LM: ” If your ears or nose are itchy, that means that someone is talking about you. If they are hot, then they are talking ill towards you. I remember both my mother and my grandmother telling me this. My grandmother was from Russia, and she always told me it was a Russian superstition, which meant it was true. I don’t really remember if anyone outside of my family said this, but I know I always told it to my children.”
I was told this superstition by my grandmother, LM. She is 83 years old and lives in California. She is of Russian decent, and this superstition she says is Russian. I remember her telling me this on numerous occasions growing up, usually when I said I was itchy, or specifically my nose/ears were itchy. She shared this information with me in an over the phone interview.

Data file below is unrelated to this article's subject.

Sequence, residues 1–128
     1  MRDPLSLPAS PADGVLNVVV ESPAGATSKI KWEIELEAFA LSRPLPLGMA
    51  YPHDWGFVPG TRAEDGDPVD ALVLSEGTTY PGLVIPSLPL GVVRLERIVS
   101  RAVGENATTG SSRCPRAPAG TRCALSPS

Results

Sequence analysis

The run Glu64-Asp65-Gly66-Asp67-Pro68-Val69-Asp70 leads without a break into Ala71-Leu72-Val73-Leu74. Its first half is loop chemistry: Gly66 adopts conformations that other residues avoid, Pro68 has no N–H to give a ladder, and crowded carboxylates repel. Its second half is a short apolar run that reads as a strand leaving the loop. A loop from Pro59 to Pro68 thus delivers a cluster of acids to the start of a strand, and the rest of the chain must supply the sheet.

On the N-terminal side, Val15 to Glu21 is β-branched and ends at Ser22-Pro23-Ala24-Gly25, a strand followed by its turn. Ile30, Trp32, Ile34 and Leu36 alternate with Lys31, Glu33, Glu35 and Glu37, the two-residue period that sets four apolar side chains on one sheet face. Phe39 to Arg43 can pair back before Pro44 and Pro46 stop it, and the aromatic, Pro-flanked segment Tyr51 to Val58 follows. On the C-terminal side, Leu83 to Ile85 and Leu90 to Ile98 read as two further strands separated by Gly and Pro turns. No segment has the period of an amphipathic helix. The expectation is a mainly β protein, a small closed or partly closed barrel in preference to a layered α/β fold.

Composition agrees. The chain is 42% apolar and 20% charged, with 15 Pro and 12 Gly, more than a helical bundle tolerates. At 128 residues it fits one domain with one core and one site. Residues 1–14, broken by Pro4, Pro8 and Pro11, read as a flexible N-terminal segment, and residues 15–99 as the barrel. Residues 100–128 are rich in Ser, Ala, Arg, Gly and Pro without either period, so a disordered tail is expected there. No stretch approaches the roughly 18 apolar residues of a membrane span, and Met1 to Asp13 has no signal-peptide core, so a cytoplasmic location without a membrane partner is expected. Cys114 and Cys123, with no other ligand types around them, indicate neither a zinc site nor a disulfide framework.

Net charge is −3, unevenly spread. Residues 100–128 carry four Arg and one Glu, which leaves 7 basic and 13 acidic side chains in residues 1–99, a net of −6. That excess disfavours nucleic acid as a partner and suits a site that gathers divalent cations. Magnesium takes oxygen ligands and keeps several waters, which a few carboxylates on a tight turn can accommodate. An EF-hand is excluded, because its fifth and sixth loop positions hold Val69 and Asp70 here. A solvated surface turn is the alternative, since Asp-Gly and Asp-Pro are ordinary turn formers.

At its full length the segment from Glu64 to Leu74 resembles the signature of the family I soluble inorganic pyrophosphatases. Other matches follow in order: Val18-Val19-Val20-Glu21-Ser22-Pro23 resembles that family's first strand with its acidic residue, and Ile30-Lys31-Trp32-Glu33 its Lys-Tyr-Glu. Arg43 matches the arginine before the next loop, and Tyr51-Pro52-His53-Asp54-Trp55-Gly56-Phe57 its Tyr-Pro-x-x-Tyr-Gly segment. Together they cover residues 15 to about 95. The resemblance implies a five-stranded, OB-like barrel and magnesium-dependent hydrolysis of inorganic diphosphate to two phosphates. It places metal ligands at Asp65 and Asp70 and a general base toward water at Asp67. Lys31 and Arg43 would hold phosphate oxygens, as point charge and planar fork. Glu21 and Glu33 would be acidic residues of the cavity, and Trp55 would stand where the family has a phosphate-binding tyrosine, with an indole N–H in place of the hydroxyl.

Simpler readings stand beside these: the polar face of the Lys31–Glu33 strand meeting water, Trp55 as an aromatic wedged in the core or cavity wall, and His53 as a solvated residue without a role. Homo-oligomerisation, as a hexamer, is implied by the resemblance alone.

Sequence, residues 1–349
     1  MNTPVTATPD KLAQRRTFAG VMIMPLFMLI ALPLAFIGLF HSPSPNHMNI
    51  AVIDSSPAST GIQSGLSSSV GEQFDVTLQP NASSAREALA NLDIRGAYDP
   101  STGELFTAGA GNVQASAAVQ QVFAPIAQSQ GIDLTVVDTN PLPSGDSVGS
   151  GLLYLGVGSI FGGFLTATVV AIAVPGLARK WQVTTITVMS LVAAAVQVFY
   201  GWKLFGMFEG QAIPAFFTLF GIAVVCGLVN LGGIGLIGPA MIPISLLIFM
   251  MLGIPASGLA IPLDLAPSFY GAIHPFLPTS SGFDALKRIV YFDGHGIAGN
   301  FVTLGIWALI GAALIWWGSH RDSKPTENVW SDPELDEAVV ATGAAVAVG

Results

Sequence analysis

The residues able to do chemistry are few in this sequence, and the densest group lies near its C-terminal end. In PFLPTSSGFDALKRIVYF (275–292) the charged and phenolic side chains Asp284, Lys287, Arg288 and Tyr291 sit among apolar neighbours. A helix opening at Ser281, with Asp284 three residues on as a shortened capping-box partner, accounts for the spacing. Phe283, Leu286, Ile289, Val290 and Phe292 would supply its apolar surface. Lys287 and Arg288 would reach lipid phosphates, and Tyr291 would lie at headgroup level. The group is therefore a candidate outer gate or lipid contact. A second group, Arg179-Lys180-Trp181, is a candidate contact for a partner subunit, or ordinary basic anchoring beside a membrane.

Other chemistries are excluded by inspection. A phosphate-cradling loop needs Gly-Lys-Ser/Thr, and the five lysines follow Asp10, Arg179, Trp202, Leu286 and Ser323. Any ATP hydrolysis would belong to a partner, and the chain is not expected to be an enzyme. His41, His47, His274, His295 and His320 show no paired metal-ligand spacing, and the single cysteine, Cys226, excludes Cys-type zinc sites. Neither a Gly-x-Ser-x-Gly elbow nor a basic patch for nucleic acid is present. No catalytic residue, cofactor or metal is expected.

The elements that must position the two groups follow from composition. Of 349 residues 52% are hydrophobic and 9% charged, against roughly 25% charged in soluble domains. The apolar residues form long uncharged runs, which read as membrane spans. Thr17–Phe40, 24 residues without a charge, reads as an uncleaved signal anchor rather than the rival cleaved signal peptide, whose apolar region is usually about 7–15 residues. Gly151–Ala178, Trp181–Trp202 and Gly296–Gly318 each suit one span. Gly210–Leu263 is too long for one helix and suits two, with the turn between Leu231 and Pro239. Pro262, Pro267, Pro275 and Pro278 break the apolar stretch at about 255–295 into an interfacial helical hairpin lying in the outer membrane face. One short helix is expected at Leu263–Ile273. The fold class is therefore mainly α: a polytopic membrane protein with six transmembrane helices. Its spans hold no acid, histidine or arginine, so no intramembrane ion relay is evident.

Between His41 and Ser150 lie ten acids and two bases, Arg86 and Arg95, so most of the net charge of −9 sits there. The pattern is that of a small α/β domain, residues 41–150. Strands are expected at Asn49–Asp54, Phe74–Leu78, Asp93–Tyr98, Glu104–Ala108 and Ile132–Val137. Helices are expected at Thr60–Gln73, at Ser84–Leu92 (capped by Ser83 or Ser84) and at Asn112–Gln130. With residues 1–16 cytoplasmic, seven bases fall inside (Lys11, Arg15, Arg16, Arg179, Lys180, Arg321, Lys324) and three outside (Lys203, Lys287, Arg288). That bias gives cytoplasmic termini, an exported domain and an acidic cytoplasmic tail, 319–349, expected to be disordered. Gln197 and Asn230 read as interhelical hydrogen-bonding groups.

This is a superstition that has been passed along through each generation of the family. When my informant learned about this superstition it was presented to her as fact, and she believes it to this day, even if it has no logical or scientific reasoning. Usually, superstitions like this are believed without any proof, especially if many people within the culture believe it or it was taught to them while a person was a child. Superstitions are often even subconscious beliefs, like avoiding walking under ladders. Usually there is some supernatural or spiritual component that grants good or bad luck. That is not the case here, but in other iterations of this superstition, the person with itchy will have good luck if they can guess who is talking about them right. However, this is not the version that LM learned or believes. This superstition has a lot of multiplicity and variation amongst the various cultures that it is found in. It is also interesting that LM’s grandmother believes that only Russian superstitions are true, whereas other culture’s superstitions are silly or false. Often, the cultural specificity of a superstition or folk belief plays a significant role in a person’s willingness to believe in the superstition or not. Because the superstition is “Russian,” LM’s grandmother believes it because it connects her to her culture, even if the superstition did not originate in Russia.